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Iowa's Greene shed pounds, then tackles

The running back from South Jersey went from a joke to an all-American in mere months.

Iowa's Shonn Greene, a Winslow Twp. alumnus, won the Doak Walker Award as the nation's top running back.
Iowa's Shonn Greene, a Winslow Twp. alumnus, won the Doak Walker Award as the nation's top running back.Read morePHELAN M. EBENHACK / AP

IOWA CITY - The whispers turned into gossip. And the gossip hit the Internet message boards.

Could it be true? Had Shonn Greene ballooned to 300 pounds?

Greene had flunked out of school in June 2007 and had become a local curiosity. Once a promising running back at Iowa, he now assembled furniture and unloaded trucks for $8 an hour.

He lived with Iowa's leading rusher, Albert Young of Moorestown, and took classes at Kirkwood Community College in Iowa City. The graduate of Winslow Township High ate more often than he jogged, and that led to rumors that his 5-foot-11-inch frame was carrying three bills.

"As the year went on," coach Kirk Ferentz recalled, "the legend grew."

Nationally, few cared. All Greene had done in two seasons at Iowa was rush for 378 yards.

But there were flashes. As a freshman in 2005, he sent a bolt through Kinnick Stadium when he blew up Michigan's Steve Breaston on kickoff coverage.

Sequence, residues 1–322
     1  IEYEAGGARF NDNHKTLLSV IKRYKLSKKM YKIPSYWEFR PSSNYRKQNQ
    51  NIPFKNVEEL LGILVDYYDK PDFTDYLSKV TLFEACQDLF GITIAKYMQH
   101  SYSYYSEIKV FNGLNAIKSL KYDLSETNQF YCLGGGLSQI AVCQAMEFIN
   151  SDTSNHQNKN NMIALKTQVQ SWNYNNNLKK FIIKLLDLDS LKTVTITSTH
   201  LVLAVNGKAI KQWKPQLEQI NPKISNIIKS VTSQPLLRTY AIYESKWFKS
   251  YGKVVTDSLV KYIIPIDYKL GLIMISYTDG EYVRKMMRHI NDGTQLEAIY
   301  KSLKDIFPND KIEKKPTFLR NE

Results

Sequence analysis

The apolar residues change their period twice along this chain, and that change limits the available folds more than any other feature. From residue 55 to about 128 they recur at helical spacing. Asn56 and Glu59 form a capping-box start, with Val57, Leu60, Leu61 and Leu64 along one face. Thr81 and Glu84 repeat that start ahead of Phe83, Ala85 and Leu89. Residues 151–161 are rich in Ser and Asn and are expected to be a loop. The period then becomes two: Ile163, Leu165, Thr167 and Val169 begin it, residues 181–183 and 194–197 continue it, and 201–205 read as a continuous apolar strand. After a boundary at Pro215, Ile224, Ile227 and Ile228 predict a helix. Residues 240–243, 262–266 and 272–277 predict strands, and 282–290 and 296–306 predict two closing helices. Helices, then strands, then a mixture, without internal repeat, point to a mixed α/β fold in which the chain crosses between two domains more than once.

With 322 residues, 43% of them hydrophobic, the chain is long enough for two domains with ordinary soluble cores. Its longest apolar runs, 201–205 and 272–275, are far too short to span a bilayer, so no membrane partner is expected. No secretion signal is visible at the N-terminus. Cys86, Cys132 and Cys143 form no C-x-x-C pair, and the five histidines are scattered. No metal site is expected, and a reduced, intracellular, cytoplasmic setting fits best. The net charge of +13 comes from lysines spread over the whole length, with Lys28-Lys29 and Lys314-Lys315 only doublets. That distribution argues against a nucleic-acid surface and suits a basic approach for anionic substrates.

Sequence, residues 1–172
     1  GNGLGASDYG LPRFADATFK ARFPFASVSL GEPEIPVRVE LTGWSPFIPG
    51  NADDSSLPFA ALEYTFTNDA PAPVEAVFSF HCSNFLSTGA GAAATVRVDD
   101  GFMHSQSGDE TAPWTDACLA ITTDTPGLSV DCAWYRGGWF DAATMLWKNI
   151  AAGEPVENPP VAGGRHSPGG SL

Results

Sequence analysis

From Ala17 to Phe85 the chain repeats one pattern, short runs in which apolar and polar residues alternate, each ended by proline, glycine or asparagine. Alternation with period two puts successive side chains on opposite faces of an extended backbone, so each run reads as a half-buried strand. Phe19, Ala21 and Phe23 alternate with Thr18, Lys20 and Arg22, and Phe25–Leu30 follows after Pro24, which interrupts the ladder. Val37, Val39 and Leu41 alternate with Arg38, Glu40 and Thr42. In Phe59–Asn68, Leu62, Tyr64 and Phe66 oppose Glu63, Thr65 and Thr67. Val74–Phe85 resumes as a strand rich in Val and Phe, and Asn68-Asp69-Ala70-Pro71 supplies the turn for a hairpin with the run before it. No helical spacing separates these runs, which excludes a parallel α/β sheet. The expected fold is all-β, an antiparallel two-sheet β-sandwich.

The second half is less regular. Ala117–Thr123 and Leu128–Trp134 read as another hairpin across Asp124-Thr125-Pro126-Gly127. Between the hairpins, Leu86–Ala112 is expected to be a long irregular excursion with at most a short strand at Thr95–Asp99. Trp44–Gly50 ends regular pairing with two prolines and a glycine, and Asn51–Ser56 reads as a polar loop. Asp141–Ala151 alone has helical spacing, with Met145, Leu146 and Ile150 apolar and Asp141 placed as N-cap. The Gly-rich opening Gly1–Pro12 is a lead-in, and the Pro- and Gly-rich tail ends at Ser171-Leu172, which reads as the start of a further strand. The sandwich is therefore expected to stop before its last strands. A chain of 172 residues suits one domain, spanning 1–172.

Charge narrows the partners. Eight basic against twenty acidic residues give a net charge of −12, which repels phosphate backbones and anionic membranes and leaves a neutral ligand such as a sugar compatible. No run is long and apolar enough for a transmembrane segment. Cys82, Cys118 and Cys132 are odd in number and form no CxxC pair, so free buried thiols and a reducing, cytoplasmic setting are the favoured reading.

"We all knew what he had," Young said.

Now they worried that he was throwing it away. That's part of why Young and other Hawkeyes joked with Greene about his flab.

"We fooled around with it," Young said. "We had bets and all that. It was out of fun - but also to motivate him."

It worked. Greene regained his standing at Iowa and rejoined the team after spring practice.

On Aug. 1, he still wasn't listed on the Hawkeyes' two-deep roster. So when the Big Ten Network came through Iowa City and asked to interview Greene, Ferentz said no.

"He hadn't played a snap in the last year," the coach explained.

Greene had no expectations, other than to make the team and survive fall camp. The coaches didn't spare him in conditioning drills.

"I'd be laying on my back, gasping for air," Greene said. "Guys were saying: 'Shonn, you all right?'"

Once the season began, he was far better than all right. He ran for 109 yards in the opener against Maine, then 130 on just 13 carries against Florida International, 120 vs. Iowa State and 147 at Pittsburgh.

His best work was yet to come - 217 yards and four touchdowns against Wisconsin and 211 against Purdue.

No Big Ten team on Iowa's schedule was spared. Greene became the nation's only back to top 100 yards in every game this season. His 1,729 yards are second only to Connecticut's Donald Brown, who carried 60 more times.

"The consistency of how he has played is amazing," Indiana coach Bill Lynch said.

Added Illinois coach Ron Zook: "We were beat up when we got done playing him."

Greene made such an impact on Big Ten coaches that when it came time for them to vote for the Tribune Silver Football, given to the league's best player, it was no contest. He captured seven first-place votes, with Ferentz and other coaches not permitted to vote for their own players.